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How Attorney-Client Privilege Can Help You in Your Criminal Case


You value your privacy, whether you realize this or not.  Many decisions have the underlying motivation of wanting to protect your privacy.  You think carefully about what you post publicly online, if anything.  Data privacy is a factor in many of your online behaviors, from your choice of software to the cookie settings you choose when you visit websites.  People whose assets are not especially valuable set up revocable trusts so that fewer details of their finances will become a matter of public record when their estates go through probate.  Some people injured in accidents accept insurance settlements that do not fully cover their accident-related financial losses, because the alternative would be to file a lawsuit, which would mean that the defendant could subpoena all kinds of medical information about the plaintiff which would otherwise be confidential.  The right to remain silent is one privacy-related right connected to criminal investigations; another is the right to attorney-client privilege.  Here, our Miami criminal defense lawyer explains the circumstances in which your defense attorney must keep your communications private and why you should speak openly with your lawyer about your case during one-on-one conversations.

What Does Attorney-Client Privilege Protect?

Certain categories of professionals can only do their jobs effectively if there is a guarantee of confidentiality, so that the beneficiaries of their services can trust them and speak openly with them.  Therefore, health information exchanged between doctors and patients is confidential, as is what people say to clergy members during spiritual counseling sessions.  Before there were rules about any of these, there was attorney-client privilege.

The essence of attorney-client privilege is that, when you talk to your lawyer one-on-one, your lawyer does not have the right to reveal the content of your conversations to anyone else.  It only applies to lawyers who are representing you in a pending case.  Attorney-client privilege does not mean that, if you happen to be seated next to someone with a law degree on a plane ride, you can spill your guts without the possibility of anyone else finding out.  If you tell a lawyer that you met on a red eye flight about your extensive criminal history, the lawyer is free to turn it into a novel about a well-traveled career criminal, and during publicity interviews, the lawyer is free to tell the public that the protagonist of the novel is based on you.

Why Is It Important to Speak Openly With Your Lawyer About Your Case

In most situations, you should say as little as possible about your pending criminal case.  The Fifth Amendment right to avoid self-incrimination means that no one can compel you to say things that would lead to you being charged with or convicted of a crime.  If you are testifying in court or giving a deposition, it is against the law to lie if a lawyer asks about your alleged involvement in a crime, but you do have the right to plead the Fifth Amendment.  Police must inform defendants that they arrest that anything they say can and will be used against them, but you should assume that this is true in all contexts that are not protected by attorney-client privilege.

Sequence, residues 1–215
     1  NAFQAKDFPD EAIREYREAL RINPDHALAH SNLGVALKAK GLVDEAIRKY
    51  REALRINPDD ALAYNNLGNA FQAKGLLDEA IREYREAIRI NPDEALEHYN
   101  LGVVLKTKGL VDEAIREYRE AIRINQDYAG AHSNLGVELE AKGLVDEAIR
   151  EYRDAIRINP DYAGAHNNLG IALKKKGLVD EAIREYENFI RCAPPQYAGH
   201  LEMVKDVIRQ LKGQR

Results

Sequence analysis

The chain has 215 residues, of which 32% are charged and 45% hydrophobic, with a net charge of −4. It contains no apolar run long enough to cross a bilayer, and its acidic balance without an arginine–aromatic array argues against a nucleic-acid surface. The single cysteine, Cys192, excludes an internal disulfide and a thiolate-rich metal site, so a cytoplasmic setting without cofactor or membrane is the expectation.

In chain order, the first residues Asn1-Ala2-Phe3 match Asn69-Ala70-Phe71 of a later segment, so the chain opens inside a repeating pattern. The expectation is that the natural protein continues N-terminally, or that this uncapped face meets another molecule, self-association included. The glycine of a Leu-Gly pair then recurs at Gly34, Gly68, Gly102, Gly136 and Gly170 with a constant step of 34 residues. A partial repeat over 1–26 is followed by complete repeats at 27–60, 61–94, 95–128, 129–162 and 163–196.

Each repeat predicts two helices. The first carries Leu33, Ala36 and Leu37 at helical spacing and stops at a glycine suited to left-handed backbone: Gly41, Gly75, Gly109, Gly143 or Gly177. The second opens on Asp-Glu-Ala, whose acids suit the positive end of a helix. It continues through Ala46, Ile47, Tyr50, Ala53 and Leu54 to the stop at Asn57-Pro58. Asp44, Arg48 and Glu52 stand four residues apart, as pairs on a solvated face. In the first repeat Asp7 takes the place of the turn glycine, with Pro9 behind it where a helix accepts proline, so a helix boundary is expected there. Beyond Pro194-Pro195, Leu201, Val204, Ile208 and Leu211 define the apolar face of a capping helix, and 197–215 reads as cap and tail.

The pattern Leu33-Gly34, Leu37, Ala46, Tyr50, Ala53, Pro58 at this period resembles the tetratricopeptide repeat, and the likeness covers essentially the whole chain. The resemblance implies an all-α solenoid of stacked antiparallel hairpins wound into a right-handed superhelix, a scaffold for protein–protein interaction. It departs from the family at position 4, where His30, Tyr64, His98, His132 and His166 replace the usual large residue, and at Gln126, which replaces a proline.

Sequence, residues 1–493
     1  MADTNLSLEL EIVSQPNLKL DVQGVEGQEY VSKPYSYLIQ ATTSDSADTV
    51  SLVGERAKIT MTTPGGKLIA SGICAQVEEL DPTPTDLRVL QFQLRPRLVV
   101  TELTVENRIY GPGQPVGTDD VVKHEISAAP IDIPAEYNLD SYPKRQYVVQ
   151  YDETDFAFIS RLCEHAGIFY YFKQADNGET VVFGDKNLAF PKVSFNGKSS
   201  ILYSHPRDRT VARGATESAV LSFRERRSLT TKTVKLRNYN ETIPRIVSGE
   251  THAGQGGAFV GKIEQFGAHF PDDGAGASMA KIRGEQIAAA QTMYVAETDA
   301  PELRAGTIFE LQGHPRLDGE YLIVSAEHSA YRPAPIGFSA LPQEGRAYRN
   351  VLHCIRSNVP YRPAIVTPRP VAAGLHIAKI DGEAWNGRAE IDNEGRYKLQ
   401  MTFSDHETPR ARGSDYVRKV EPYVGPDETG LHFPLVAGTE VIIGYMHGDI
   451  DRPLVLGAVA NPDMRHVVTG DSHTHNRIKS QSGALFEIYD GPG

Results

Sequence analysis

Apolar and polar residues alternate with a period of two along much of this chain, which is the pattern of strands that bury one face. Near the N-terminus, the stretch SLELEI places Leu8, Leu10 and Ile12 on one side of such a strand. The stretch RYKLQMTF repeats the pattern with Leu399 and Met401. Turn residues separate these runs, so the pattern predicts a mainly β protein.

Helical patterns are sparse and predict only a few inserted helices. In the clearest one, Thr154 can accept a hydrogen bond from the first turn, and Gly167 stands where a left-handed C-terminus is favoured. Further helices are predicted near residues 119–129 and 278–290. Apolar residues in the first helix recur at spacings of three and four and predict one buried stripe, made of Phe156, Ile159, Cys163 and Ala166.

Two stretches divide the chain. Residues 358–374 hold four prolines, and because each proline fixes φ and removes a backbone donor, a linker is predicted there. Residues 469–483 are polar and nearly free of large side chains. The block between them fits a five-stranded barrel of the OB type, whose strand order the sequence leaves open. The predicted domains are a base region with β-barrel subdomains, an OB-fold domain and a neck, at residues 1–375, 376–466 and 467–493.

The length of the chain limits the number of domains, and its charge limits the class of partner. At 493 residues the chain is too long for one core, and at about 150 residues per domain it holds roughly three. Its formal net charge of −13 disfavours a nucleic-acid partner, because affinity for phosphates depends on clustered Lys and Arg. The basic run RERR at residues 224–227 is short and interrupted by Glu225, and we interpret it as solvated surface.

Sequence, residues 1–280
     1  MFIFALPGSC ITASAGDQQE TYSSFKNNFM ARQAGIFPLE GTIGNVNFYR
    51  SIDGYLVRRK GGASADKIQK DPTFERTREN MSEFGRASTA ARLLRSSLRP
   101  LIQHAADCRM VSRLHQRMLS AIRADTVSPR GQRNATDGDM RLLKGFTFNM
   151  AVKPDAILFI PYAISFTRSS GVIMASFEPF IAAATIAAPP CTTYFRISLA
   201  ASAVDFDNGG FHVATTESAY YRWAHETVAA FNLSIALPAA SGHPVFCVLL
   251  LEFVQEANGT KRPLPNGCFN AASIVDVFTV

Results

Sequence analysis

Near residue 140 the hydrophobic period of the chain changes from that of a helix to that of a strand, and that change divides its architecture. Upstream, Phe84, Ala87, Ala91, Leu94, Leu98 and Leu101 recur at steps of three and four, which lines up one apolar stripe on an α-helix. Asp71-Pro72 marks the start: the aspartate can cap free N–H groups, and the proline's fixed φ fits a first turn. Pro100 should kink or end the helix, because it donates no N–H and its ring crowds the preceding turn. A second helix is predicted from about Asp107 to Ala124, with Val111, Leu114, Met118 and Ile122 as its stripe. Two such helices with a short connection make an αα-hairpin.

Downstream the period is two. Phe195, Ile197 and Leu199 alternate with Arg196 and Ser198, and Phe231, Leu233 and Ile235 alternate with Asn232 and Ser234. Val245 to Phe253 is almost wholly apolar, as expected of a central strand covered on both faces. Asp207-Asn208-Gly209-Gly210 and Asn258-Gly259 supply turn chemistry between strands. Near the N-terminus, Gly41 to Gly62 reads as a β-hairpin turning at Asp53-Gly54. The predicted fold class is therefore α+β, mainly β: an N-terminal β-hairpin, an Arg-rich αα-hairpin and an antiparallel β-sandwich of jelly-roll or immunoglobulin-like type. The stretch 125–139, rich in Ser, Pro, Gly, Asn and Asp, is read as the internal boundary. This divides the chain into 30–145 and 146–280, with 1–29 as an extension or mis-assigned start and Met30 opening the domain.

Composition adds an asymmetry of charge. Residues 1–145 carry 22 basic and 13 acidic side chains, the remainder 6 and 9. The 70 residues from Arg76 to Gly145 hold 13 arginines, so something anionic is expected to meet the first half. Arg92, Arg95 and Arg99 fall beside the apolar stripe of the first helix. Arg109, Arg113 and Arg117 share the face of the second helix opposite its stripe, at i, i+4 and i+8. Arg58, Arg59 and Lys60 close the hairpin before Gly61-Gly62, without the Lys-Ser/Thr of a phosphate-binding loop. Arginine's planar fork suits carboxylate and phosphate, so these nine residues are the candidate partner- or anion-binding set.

Meanwhile, when you are discussing your case one-on-one with your criminal defense lawyer, you should go into as much detail as possible without worrying about incriminating yourself.  Your lawyer is not trying to use your words against you; instead, your lawyer is looking for reasonable doubt about your guilt.  Even if you tell your lawyer about everything you did on the day of the crime, including the crime itself, your lawyer is comparing it to the prosecution’s evidence and looking for ways to show that the prosecution’s evidence doesn’t prove that you are guilty.

You should think of attorney-client privilege as a brainstorm.  One-on-one conversations with your lawyer are an opportunity to float unorthodox interpretations of the prosecution’s evidence, and even different ways that the jury might interpret your statements.  Even if you say things that could incriminate other people, your lawyer must keep this information confidential; you and your lawyer have time to decide together whether your only way of defending yourself is to incriminate someone else, or whether another defense strategy would work.

Contact Our Criminal Defense Attorneys

A South Florida criminal defense lawyer can help you examine your criminal case from all angles in the strictest confidence, so that you can develop the best defense strategy.  Contact Ratzan & Faccidomo in Miami, Florida for a free, confidential consultation about your case.



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